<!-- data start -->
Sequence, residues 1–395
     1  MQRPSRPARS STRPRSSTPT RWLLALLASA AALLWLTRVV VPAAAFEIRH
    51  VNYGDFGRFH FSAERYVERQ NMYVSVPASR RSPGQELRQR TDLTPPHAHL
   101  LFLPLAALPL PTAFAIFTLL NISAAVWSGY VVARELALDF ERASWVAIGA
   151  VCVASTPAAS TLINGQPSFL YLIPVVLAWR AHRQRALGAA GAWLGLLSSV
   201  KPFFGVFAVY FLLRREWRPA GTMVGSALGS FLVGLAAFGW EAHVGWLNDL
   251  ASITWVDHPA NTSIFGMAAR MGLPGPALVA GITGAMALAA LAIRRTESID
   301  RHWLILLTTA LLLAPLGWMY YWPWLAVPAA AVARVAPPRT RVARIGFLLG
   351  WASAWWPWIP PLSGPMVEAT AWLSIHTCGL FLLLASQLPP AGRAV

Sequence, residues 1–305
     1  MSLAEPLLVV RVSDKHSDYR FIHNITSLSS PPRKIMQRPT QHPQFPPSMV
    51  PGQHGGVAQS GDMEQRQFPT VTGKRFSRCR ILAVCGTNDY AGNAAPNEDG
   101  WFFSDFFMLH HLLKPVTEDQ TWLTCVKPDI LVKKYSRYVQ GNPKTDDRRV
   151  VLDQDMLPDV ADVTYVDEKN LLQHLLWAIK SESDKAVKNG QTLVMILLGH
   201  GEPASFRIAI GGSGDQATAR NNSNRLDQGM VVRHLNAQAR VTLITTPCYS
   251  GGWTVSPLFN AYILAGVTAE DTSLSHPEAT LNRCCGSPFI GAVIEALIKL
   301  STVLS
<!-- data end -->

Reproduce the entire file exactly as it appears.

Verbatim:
Sequence, residues 1–395
     1  MQRPSRPARS STRPRSSTPT RWLLALLASA AALLWLTRVV VPAAAFEIRH
    51  VNYGDFGRFH FSAERYVERQ NMYVSVPASR RSPGQELRQR TDLTPPHAHL
   101  LFLPLAALPL PTAFAIFTLL NISAAVWSGY VVARELALDF ERASWVAIGA
   151  VCVASTPAAS TLINGQPSFL YLIPVVLAWR AHRQRALGAA GAWLGLLSSV
   201  KPFFGVFAVY FLLRREWRPA GTMVGSALGS FLVGLAAFGW EAHVGWLNDL
   251  ASITWVDHPA NTSIFGMAAR MGLPGPALVA GITGAMALAA LAIRRTESID
   301  RHWLILLTTA LLLAPLGWMY YWPWLAVPAA AVARVAPPRT RVARIGFLLG
   351  WASAWWPWIP PLSGPMVEAT AWLSIHTCGL FLLLASQLPP AGRAV

Sequence, residues 1–305
     1  MSLAEPLLVV RVSDKHSDYR FIHNITSLSS PPRKIMQRPT QHPQFPPSMV
    51  PGQHGGVAQS GDMEQRQFPT VTGKRFSRCR ILAVCGTNDY AGNAAPNEDG
   101  WFFSDFFMLH HLLKPVTEDQ TWLTCVKPDI LVKKYSRYVQ GNPKTDDRRV
   151  VLDQDMLPDV ADVTYVDEKN LLQHLLWAIK SESDKAVKNG QTLVMILLGH
   201  GEPASFRIAI GGSGDQATAR NNSNRLDQGM VVRHLNAQAR VTLITTPCYS
   251  GGWTVSPLFN AYILAGVTAE DTSLSHPEAT LNRCCGSPFI GAVIEALIKL
   301  STVLS